We cannot exclude the possibility that the MICR training in the 12 fire departments motivated EMS personnel to provide better care independent of the specific MICR protocol (ie, the Hawthorne effect). However, none of the periodic changes in EMS protocols associated with new cardiopulmonary resuscitation and advanced cardiac life support guidelines during the past few decades has resulted in such a dramatic improvement in survival of patients with witnessed out-of-hospital cardiac arrest.
Another limitation of our study is that we compared MICR with the approach used by fire departments in our community during a time period when the AHA Guidelines were updated. Therefore, some of the non-MICR fire departments were following the 2000 AHA Guidelines while others were following the 2005 AHA Guidelines. The study by Rea et al35 demonstrated that instituting some of the major changes of the 2005 guidelines for advanced cardiac life support (single shock and 200 chest compressions immediately after the shock rather than stacked shocks) was associated with increased survival-to-hospital discharge. A single shock followed by 200 uninterrupted chest compressions rather than stacked shocks is an important component of MICR.12
Outcome data are unknown for 2 patients in the before and after analysis (1 in the before MICR training group and 1 in the after MICR training group) and for 7 patients in the protocol compliance analysis (6 in the did not receive MICR group and 1 in the received MICR group).
Neurological outcomes are unknown in 35% of the survivors in the protocol compliance analysis. Nevertheless, the missing data are evenly distributed among the study groups, and we have no reason to believe that this represents a systematic bias.
In the protocol compliance analysis, we compared outcomes between patients who actually received MICR and those who had not to extend our observations to a larger population. We cannot exclude ascertainment biases in this analysis. Perhaps the most enthusiastic and skilled EMS personnel provided MICR and the least enthusiastic or least skilled EMS personnel did not. Furthermore, EMS personnel may have preferentially provided MICR to the patients most likely to survive. Nevertheless,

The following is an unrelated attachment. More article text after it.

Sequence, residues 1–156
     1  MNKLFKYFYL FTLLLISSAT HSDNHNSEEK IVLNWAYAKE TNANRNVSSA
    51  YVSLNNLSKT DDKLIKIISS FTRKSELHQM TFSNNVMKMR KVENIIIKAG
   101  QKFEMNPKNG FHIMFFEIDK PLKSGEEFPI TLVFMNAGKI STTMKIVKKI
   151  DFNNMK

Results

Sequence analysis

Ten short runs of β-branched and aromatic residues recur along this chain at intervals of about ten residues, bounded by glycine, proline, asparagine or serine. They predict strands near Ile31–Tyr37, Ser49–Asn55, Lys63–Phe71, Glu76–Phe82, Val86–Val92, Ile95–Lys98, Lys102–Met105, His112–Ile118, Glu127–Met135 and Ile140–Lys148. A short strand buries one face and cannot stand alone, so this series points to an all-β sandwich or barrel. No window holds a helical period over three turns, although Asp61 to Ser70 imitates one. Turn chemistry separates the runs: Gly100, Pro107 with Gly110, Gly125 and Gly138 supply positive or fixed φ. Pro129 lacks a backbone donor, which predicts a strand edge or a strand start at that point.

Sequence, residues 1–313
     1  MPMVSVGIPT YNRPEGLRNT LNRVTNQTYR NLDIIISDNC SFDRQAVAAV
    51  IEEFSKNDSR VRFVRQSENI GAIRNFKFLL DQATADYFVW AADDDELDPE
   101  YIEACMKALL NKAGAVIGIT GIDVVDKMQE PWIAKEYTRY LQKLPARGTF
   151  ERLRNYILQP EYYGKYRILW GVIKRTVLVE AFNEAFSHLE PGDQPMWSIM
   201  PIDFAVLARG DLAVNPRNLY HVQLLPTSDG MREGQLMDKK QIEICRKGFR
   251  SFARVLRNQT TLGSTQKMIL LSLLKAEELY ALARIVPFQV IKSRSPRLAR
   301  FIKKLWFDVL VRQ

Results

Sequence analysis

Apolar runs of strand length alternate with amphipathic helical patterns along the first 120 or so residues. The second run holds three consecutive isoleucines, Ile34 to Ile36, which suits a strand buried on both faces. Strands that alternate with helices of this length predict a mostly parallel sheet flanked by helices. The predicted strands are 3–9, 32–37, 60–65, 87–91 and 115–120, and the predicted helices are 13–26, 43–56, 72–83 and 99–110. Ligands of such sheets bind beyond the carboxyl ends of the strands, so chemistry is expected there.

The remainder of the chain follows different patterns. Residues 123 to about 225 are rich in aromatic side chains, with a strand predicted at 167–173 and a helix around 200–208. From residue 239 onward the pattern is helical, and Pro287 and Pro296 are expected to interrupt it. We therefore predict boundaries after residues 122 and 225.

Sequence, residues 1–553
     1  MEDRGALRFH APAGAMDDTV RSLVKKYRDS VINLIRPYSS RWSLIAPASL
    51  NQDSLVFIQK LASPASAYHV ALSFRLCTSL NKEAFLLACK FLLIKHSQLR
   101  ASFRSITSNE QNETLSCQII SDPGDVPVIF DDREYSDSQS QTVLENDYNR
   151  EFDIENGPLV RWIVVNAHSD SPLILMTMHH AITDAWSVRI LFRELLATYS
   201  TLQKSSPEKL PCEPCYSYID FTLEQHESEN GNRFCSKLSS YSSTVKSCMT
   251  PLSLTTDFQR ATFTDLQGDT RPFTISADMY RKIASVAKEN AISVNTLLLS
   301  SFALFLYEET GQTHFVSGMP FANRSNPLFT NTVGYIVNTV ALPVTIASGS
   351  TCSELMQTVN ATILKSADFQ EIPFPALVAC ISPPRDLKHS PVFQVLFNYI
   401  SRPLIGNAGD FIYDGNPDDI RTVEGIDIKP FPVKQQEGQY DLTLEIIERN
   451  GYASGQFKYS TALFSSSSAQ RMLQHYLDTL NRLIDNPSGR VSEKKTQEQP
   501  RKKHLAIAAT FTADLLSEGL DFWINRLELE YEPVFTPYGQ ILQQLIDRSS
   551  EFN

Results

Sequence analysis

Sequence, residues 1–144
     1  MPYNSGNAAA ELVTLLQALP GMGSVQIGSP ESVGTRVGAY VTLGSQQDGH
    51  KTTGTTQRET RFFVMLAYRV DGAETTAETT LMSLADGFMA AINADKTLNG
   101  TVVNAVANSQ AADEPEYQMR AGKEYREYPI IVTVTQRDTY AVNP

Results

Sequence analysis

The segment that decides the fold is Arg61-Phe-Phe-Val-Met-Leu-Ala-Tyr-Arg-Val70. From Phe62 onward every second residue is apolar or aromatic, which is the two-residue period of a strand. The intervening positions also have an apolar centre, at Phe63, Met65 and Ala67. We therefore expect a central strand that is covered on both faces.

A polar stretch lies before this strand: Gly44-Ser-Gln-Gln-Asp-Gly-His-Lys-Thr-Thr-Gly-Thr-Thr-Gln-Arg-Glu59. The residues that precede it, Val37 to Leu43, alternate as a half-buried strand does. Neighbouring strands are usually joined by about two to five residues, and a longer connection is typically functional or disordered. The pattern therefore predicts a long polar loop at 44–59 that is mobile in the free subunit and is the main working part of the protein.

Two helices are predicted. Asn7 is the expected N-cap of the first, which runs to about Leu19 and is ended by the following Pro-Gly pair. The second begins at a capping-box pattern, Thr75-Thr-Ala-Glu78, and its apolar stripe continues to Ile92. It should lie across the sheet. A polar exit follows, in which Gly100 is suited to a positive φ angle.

our findings in the protocol compliance analysis were consistent with the data in the before and after analysis.
In this study, survival-to-hospital discharge of patients with an out-of-hospital cardiac arrest improved significantly after implementation of MICR as an alternate EMS protocol. These findings require confirmation in randomized trials.
Corresponding Author: Bentley J.
Bobrow, MD, Department of Emergency Medicine, Mayo Clinic, 13400 E Shea Blvd, Scottsdale, AZ 85259 (firstname.lastname@example.org).
Author Contributions: Dr Bobrow had full access to all of the data in the study and takes responsibility for the integrity of the data and the accuracy of the data analysis.
Study concept and design: Bobrow, Clark,
Ewy, Sanders, Berg, Richman, Kern.
Acquisition of data: Bobrow, Clark.
Analysis and interpretation of data: Bobrow, Clark, Ewy, Chikani, Sanders, Berg.
Drafting of the manuscript: Bobrow,
Clark, Ewy, Chikani, Sanders, Berg, Richman.
Critical revision of the manuscript for important intellectual content: Bobrow, Clark, Ewy, Sanders, Berg, Kern.
Statistical analysis: Chikani.
Administrative, technical, or material support: Bobrow, Clark, Ewy, Sanders, Berg, Kern.
Study supervision: Bobrow.
Financial Disclosures: None reported.
Funding/Support: There was no funding organizations or sponsors for this study.
Additional Contributions: Paula R.
Brazil, MA (Arizona Department of Health Services, Bureau of Emergency Medical Services and Trauma System), provided valuable and gracious assistance in the writing and editing of this manuscript. Ms Brazil did not receive any compensation. Editing, proofreading, and reference verification were provided by the Section of Scientific Publications,
Mayo Clinic. We thank the entire EMS community in the state of Arizona for participating in the SHARE program. This manuscript is dedicated to the firefighters and paramedics who risk their lives every day to save the lives of others.